ESR 8 Project - Molecular insights into inhibition mechanisms of the mitochondrial transcription
Objectives: There are a number of different drugs that induce cancer cell death by targeting components in mitochondria necessary for inducing apoptosis. One example is the arsenite compounds that are used to treat hematological malignancies. Mitochondrial gene expression has also been directly targeted in cancer therapy. Tigecycline selectively kills leukemia stem and progenitor cells, and functions via mitochondrial translation inhibition. In fact, cancer cells may be extra sensitive to inhibitors of mitochondrial expression, since these cells are rapidly dividing, utilize energy inefficiently, and are often found in a hypoxic environment. Indeed, a recent report demonstrated that tumor cells in metabolically compromised microenvironments have a limited ability to respond to decreased mitochondrial function, a characteristic which may be used to target quiescent populations of tumor cells (Nat Commun. 2014 Feb 18;5:3295). We have collaborated with the Lead Discovery Center (LDC) in Dortumnd, Germany and performed a screen to identify small molecular substances that selectively inhibit mitochondrial transcription and thereby decrease mitochondrial function. After a screen of 172,000 substances, we have now identified a family of chemical compounds that act as selective inhibitors of mitochondrial transcription, with an IC50 of down to 10 nM. In the present project, we will identify the mechanism of action of these recently described chemical compounds and explain in molecular detail how they can act as selective inhibitors of mitochondrial transcription. To this end we will use reconstituted in vitro systems and standard biophysical techniques (e.g. surface plasmon resonance and microscale thermophoresis) to identify how our drugs target the RNA polymerase and how these interactions translate into functional consequence on a molecular level. We will also collaborate with the Hällberg laboratory at the Karolinska Institutet, to solve the structures of mitochondrial RNA polymerase - inhibitor co-complexes by X-ray crystallography. Finally, mitochondrial transcription and DNA replication are linked events. We will address how inhibition of mitochondrial transcription affects the stability of mitochondrial DNA in cell culture.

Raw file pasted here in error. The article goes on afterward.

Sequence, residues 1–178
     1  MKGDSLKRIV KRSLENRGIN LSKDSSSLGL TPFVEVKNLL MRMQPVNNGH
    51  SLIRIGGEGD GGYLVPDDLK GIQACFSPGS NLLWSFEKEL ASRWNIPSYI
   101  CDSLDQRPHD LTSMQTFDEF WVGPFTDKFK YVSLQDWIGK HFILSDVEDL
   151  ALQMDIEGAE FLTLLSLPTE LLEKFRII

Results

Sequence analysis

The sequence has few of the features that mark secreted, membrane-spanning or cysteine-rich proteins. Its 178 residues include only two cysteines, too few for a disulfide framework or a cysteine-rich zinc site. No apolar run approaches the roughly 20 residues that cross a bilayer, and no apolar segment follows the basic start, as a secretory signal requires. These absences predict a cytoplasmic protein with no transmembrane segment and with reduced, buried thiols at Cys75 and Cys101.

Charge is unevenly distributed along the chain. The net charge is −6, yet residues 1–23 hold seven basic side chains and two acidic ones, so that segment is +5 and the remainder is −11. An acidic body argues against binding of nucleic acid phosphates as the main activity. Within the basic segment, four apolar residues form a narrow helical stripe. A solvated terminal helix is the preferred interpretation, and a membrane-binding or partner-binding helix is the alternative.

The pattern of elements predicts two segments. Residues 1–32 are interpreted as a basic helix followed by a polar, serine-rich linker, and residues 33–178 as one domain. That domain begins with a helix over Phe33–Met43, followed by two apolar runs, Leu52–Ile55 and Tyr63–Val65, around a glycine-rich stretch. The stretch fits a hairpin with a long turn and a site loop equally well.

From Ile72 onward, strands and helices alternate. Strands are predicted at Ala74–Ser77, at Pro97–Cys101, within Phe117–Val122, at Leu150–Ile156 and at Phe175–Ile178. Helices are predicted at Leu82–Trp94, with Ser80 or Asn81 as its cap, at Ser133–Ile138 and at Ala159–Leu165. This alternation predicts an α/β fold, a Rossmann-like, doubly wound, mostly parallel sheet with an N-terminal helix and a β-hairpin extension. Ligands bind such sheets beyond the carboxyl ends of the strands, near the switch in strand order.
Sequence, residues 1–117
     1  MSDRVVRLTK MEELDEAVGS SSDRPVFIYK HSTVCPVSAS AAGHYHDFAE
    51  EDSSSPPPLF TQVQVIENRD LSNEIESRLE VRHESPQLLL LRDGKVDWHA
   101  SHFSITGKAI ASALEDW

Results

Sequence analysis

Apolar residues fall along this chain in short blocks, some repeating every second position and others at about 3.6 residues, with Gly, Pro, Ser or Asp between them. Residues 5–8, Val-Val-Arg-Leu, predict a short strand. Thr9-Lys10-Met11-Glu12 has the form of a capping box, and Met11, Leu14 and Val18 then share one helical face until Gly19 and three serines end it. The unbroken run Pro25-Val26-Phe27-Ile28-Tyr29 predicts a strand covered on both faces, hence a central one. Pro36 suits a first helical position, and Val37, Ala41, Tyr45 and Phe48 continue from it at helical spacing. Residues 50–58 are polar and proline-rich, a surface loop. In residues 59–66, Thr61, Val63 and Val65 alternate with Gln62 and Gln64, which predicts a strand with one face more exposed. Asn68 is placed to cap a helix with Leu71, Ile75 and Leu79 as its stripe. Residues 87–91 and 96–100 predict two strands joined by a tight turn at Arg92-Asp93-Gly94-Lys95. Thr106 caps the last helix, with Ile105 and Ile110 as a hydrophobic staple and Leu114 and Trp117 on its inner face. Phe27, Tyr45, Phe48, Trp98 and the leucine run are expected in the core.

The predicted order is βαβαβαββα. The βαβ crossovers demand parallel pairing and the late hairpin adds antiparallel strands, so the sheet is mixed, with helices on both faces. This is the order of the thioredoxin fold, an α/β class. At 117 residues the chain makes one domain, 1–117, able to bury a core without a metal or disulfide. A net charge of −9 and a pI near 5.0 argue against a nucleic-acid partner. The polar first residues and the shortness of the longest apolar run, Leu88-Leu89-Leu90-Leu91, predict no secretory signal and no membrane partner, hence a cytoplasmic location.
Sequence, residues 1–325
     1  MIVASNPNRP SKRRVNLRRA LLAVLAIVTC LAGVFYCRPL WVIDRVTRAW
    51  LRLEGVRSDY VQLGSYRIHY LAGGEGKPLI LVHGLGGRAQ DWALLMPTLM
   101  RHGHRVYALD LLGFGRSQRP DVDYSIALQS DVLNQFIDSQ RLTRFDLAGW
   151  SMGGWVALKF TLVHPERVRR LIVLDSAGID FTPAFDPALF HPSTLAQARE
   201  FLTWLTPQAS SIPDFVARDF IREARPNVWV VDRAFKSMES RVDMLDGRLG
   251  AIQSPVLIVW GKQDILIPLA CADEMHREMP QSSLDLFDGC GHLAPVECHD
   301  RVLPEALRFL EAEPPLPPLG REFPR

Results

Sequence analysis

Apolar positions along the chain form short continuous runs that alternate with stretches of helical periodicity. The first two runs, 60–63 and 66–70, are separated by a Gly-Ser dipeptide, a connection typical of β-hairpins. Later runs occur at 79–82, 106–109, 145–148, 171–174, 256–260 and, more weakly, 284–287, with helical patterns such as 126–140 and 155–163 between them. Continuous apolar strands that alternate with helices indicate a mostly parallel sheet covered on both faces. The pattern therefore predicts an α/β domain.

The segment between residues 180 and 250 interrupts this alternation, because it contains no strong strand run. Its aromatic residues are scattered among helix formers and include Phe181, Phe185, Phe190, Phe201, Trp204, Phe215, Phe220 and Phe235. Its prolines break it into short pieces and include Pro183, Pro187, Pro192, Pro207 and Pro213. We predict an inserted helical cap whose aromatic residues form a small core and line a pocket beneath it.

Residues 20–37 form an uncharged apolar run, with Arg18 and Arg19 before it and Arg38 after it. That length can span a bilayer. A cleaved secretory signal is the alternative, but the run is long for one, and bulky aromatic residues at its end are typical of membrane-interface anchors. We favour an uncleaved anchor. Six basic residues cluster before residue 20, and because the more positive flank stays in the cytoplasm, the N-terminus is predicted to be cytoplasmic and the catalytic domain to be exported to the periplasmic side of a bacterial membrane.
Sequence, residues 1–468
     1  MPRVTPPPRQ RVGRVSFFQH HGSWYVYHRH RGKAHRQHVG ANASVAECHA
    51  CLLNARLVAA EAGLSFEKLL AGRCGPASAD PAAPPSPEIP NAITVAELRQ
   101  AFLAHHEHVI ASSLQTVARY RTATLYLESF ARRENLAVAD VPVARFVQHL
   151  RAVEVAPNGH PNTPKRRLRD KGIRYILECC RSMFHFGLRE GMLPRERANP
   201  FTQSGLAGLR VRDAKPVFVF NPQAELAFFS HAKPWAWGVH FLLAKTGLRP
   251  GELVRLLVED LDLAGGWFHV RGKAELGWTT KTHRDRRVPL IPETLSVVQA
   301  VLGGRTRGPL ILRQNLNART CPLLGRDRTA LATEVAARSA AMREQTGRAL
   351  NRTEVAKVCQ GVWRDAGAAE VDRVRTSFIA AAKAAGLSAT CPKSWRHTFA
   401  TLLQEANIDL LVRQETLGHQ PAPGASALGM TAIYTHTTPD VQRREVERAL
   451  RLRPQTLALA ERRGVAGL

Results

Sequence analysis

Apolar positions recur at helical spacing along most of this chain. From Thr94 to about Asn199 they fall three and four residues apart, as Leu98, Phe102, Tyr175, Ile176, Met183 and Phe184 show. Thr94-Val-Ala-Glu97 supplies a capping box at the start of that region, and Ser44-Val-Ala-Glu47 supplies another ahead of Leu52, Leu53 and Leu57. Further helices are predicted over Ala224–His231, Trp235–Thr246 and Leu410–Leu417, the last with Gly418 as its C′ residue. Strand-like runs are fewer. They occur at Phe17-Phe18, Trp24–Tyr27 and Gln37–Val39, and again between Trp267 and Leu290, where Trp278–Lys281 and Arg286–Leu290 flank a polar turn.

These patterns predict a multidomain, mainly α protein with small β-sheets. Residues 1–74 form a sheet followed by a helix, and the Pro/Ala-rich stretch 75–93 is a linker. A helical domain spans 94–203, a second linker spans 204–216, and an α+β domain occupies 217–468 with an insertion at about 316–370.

Expected results: The proposed set of experiments will help us to solve the mechanism of action of the family of small molecules that we recently identified. The experiments will also provide a deeper understanding of the mitochondrial RNA polymerase and ist molecular mechanisms of action. As a result, the identified compounds may later be evaluated as potent inhibitors for mitochondrial transcription, hence mitochondrial function, which may be used to target quiescent populations of tumor cells.